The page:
Brown and Tougaloo, today

Over the years, Chamberlain said, both schools’ leadership have engaged in “open conversations” about the direction of the partnership. She also noted that some of these conversations “take place at the ground level at both campuses.”

As part of an internal community committee, she told the News, Tougaloo committee members travel to Brown during the fall semester while the Brown committee travels to Tougaloo in the spring. Doing so has “enriched the partnerships”, and in-person campus visits encourage a “new generation of students and even faculty” to be engaged in the partnership at some level.

“We’re working in tandem with one another,” Chamberlain said.

News of the partnership has reached Yale. Joel Rosenbaum, a professor of cell biology at the University, told the News that he has “always pressed” for the University to have a stronger relationship with HBCUs, one similar to what has been achieved at Brown.

Rosenbaum praised several of Brown-Tougaloo’s partnership initiatives, including the faculty exchange, as “more than talk.” People at both universities, he said, are willing to “do more than pay lip service” to their ambitions for the partnership and “actually put [them]selves and their time” on the line.

The Ivy-HBCU Connection

Chamberlain said that there are some challenges that Tougaloo and other smaller HBCUs face that Brown and other Ivy League schools — or other larger, predominantly white institutions — do not have to face.

“Tougaloo is a private historically black institution where, say, the human resources are rich, but the financial resources can be meager,” Chamberlain said. “With Brown University, we’re talking about an Ivy League institution that has a significant endowment and has a much larger student body enrollment than Tougaloo College.”’

With only over 650 students enrolled and an endowment of $22 million, Tougaloo is significantly smaller than Brown, which has over 10,000 undergraduates and over $6.5 billion to its name.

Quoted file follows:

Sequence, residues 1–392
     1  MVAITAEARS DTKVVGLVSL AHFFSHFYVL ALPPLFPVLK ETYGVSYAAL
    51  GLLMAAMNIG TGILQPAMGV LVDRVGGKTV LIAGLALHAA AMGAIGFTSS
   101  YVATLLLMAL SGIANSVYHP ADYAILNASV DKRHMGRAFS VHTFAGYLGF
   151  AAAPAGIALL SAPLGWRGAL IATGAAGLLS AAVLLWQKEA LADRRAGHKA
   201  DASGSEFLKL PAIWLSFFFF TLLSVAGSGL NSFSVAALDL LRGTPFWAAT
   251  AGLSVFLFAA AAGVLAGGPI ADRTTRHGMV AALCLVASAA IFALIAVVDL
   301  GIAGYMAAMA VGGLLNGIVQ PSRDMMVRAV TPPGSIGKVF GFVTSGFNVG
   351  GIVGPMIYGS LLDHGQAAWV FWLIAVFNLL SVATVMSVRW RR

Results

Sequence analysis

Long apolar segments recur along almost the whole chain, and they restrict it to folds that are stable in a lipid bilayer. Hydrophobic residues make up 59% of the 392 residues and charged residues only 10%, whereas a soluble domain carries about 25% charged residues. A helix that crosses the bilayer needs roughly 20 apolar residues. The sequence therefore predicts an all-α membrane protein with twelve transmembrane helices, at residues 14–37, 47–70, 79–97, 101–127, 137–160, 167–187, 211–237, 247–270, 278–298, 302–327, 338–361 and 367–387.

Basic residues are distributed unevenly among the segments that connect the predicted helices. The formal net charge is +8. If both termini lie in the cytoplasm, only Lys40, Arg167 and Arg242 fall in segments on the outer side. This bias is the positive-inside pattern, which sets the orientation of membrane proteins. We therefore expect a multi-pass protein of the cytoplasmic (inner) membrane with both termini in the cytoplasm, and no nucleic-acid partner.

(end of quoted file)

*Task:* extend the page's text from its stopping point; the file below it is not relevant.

However, Chamberlain emphasized that the academic mission of both institutions remains the same: each seeks to “prepare generations of students to go into their respective fields of profession and be successful and also be the change agents.”

New Directions

Chamberlain said that in the coming years, the partnership is looking at “new directions” — which means expanding beyond faculty and student relationships.

Brown and Tougaloo will look at potential administrative staff exchange initiatives as well as joint fundraising, which would include efforts to jointly submit grant proposals for students at both schools.

Chamberlain looks optimistically to the future. She emphasized the role of “genuine” connections passed down through generations of faculty, students and staff at both schools, as pivotal to its continued national success.

“And again, it’s about the relationships that are being built,” Chamberlain said. “Because people are really looking at how do we make this [and] how do we continue to let this be a model for other institutions.”

The Brown Tougaloo partnership will celebrate its 60th anniversary next year.

William Porayouw covered Woodbridge Hall for the News and previously reported on international strategy at Yale. Originally from Redlands, California, he is an economics and global affairs major in Davenport College.